Today, there is a severe scarcity of truck drivers. According to the ATA, the national driver shortage is expected to be at 80,000. Furthermore, “at current rates, the shortage could exceed 160,000 by 2030.” Encouraging women to work in the trucking industry can surely assist to alleviate the driver shortage.
But it isn’t the only reason why women should work in the trucking sector. According to the Women in Trucking Association, more female truckers bring the following benefits:
- A new perspective on the sector.
- Increases creativity, problem-solving, and invention.
- Improves company performance and income making.
How Can Women Be Supported in Trucking?
Women truckers are welcome to join national and regional trucking organizations. Simultaneously, gangs especially target female truckers. Furthermore, the United States Equal Employment Opportunity Commission protects from discrimination and harassment. Other than this, women can also:
- Join Women in Trucking Association
All female drivers should seek expert assistance. Women in Trucking is a non-profit organization aimed at supporting female truckers and removing workplace barriers that many women confront. The firm is a wonderful resource for women just starting in the sector, delivering a ready-made network and guidance to those in need. As you gain trucking experience, you may be able to coach other female drivers.
- Foster good relationship
While having help on the job is essential for professional success, drivers often require assistance at home. You spend a lot of time away from your home, family, and friends, so having a strong personal network is also beneficial. Building your community at home, from watering houseplants to checking in on your children, may provide you peace of mind when you’re on the road. Pay careful attention to personal connections and do everything you can to maintain them strong.
- Be prepared for training
Female truckers should get their commercial driver’s license (CDL). There are various options for training to become a truck driver. Many prominent trucking firms provide training programs that will take women from getting their CDL to driving one of their trucks. A community college or technical school with a truck driving curriculum is another possibility. Truck driver training programs are also available. The charges vary based on the program women want to choose.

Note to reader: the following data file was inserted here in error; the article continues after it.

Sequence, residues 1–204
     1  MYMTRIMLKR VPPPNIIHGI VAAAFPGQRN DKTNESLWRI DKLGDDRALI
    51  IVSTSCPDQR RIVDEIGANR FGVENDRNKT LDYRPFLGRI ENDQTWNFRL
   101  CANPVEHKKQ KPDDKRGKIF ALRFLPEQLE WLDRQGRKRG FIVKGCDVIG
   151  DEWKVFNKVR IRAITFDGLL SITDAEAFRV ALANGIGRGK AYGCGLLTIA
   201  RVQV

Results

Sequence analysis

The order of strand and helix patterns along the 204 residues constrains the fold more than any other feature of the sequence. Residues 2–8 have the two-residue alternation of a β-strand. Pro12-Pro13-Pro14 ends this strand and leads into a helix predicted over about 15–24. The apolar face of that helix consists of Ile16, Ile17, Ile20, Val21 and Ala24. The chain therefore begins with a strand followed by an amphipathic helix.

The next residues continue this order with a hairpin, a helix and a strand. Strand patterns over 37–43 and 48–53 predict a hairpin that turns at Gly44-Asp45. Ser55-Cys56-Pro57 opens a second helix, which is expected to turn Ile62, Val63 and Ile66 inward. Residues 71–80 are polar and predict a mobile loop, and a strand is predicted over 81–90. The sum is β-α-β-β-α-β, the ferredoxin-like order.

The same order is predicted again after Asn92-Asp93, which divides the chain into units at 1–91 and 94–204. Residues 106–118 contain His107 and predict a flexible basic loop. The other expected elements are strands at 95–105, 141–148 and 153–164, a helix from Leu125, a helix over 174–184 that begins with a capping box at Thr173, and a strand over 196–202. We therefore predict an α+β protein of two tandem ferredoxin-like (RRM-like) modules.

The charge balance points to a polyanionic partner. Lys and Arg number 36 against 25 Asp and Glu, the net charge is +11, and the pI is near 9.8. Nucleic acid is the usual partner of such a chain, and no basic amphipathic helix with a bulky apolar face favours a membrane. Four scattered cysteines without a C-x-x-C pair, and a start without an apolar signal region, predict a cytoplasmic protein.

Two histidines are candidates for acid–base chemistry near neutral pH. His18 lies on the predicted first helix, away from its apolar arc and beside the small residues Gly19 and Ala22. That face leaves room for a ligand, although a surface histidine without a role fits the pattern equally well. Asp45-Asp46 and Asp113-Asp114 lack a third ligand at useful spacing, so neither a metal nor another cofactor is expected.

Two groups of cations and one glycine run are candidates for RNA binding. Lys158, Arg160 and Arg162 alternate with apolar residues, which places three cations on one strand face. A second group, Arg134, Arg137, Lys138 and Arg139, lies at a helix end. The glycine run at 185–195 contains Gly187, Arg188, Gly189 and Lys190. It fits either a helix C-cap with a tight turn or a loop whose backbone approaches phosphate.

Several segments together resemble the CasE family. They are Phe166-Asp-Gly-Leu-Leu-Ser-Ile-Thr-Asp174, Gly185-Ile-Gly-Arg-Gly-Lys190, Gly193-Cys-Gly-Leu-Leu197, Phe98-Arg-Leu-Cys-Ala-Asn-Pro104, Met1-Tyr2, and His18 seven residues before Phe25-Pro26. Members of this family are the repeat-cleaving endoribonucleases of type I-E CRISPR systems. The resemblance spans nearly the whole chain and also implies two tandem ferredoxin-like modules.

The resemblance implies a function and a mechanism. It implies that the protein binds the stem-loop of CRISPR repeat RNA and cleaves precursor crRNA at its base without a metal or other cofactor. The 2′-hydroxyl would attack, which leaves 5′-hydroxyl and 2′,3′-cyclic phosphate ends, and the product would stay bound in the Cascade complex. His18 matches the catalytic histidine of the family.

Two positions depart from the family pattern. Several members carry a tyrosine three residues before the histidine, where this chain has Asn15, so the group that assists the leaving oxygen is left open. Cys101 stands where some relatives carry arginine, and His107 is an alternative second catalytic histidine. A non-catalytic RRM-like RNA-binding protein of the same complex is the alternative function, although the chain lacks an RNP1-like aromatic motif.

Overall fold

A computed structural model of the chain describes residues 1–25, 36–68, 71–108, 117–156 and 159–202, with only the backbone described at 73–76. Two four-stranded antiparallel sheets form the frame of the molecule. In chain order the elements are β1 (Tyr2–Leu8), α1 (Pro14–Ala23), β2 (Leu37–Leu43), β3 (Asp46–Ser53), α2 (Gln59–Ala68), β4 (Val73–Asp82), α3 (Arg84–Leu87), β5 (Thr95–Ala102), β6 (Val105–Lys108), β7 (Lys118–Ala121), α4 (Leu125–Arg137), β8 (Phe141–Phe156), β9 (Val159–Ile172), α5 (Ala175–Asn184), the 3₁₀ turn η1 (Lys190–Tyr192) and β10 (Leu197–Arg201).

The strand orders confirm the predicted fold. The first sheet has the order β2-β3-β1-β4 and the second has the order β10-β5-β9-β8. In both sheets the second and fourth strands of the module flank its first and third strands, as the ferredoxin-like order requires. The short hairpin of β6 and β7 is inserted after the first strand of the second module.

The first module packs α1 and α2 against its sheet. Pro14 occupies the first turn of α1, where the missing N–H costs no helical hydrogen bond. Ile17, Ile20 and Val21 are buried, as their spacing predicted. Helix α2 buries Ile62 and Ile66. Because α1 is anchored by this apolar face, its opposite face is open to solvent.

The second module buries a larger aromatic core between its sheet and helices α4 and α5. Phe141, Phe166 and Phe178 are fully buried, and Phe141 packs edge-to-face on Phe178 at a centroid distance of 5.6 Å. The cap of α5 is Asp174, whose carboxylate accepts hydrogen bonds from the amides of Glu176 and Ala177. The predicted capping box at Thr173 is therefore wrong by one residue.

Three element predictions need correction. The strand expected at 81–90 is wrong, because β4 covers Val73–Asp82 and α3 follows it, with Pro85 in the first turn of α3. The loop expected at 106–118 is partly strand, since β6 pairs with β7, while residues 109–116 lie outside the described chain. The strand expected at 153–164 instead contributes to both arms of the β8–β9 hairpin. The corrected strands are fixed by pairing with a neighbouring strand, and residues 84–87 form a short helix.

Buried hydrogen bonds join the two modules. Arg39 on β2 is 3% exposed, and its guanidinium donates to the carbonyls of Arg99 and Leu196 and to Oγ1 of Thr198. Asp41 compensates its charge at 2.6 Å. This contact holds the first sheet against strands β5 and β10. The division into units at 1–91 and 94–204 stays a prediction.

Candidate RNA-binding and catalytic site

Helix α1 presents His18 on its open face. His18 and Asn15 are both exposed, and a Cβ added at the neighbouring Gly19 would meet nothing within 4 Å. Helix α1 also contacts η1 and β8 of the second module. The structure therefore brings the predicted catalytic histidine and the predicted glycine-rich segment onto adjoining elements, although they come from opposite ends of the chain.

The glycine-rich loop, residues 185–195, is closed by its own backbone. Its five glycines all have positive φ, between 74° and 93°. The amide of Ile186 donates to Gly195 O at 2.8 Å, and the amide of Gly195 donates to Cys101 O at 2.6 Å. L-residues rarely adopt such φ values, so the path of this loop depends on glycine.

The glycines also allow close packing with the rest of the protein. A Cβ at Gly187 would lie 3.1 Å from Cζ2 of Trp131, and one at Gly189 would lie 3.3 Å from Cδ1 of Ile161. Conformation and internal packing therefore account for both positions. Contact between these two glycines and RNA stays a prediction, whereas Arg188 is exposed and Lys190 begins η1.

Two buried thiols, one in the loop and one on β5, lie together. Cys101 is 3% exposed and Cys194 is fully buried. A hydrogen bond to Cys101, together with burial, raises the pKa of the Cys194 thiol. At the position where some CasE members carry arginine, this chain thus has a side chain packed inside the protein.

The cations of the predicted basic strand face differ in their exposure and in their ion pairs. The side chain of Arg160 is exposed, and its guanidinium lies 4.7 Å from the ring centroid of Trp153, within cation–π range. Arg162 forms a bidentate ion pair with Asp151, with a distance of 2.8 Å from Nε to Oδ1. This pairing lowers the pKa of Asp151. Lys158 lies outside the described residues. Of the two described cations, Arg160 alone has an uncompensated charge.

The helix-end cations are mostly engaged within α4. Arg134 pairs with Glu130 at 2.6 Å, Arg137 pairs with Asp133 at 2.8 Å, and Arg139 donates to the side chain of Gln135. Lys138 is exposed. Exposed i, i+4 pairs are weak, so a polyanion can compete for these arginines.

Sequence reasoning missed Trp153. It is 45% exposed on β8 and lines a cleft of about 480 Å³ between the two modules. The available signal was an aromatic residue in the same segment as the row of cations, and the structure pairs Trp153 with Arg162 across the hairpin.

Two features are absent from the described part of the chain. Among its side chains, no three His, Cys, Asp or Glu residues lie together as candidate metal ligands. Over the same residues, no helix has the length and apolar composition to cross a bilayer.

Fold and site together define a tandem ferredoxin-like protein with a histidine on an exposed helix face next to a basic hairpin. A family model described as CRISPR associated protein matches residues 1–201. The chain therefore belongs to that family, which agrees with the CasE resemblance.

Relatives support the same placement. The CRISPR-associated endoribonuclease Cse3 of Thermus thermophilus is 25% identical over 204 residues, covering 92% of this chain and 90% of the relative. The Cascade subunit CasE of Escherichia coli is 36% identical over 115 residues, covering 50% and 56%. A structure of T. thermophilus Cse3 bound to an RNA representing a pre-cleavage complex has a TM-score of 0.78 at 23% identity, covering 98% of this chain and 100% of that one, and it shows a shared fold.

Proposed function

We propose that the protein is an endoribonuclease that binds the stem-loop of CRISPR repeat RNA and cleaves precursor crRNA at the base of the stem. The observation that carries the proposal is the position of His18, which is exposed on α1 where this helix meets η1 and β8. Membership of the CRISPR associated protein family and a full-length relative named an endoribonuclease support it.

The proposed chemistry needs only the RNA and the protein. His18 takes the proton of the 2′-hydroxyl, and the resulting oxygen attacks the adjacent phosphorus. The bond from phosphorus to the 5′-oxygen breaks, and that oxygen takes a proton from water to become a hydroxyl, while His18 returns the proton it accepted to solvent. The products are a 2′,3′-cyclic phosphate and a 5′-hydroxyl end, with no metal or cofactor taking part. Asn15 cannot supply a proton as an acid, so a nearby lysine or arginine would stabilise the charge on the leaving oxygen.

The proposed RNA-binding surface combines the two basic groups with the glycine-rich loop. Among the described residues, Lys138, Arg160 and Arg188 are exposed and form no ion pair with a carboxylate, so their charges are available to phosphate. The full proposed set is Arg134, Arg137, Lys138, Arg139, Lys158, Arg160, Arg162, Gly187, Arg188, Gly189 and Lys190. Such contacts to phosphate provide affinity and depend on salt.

- Put the focus on networking
Truck drivers are a component of a strong community, and there are many people prepared to assist, guide, and encourage women. Finding a professional network of helpful coworkers and individuals they can trust is critical. Building a network is similar to creating a professional family or community, and women can never have too many friends in the trucking industry.
- Route planning
Route planning is an integral component of the duties of a truck driver. Knowing where you’re going and how to get there reduces stress, makes you safer, and keeps you in compliance with hours of service rules. Various technical businesses can assist drivers in organizing their workflow and routing up to 10 days ahead of time.
- Get a CB radio
Despite the proliferation of cell phones, truck drivers still rely on CB radios. In places with poor cellular service, having a CB radio may make a major difference in calling aid. The CB radio may also be used to gain critical information from other drivers, such as road dangers, traffic conditions, and other scenarios. Women can set their CB to channel 19 since this is the common channel for truck drivers to communicate through CB.
Future of Women in the Trucking Industry
This country is expanding, and so is the transportation sector. Women can only discover better compensation and more freedom in their schedules and day-to-day working habits in this career. Don’t forget that the tremendous demand for drivers, as well as the high compensation, makes it an excellent chance for women to compete on a level playing field.